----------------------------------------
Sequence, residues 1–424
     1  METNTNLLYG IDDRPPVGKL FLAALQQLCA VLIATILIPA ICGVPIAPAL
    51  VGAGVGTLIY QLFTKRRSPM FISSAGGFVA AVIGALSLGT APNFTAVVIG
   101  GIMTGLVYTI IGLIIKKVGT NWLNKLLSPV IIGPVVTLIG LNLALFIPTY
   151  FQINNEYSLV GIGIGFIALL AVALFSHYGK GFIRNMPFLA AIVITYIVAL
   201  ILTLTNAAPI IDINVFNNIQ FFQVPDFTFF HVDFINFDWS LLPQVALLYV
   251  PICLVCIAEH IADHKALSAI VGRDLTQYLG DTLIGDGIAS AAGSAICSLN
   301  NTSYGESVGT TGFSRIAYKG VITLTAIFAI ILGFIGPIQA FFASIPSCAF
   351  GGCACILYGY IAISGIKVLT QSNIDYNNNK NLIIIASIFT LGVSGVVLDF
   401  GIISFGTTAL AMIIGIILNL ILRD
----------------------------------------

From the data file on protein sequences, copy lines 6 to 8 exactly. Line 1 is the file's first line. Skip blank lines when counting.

   201  ILTLTNAAPI IDINVFNNIQ FFQVPDFTFF HVDFINFDWS LLPQVALLYV
   251  PICLVCIAEH IADHKALSAI VGRDLTQYLG DTLIGDGIAS AAGSAICSLN
   301  NTSYGESVGT TGFSRIAYKG VITLTAIFAI ILGFIGPIQA FFASIPSCAF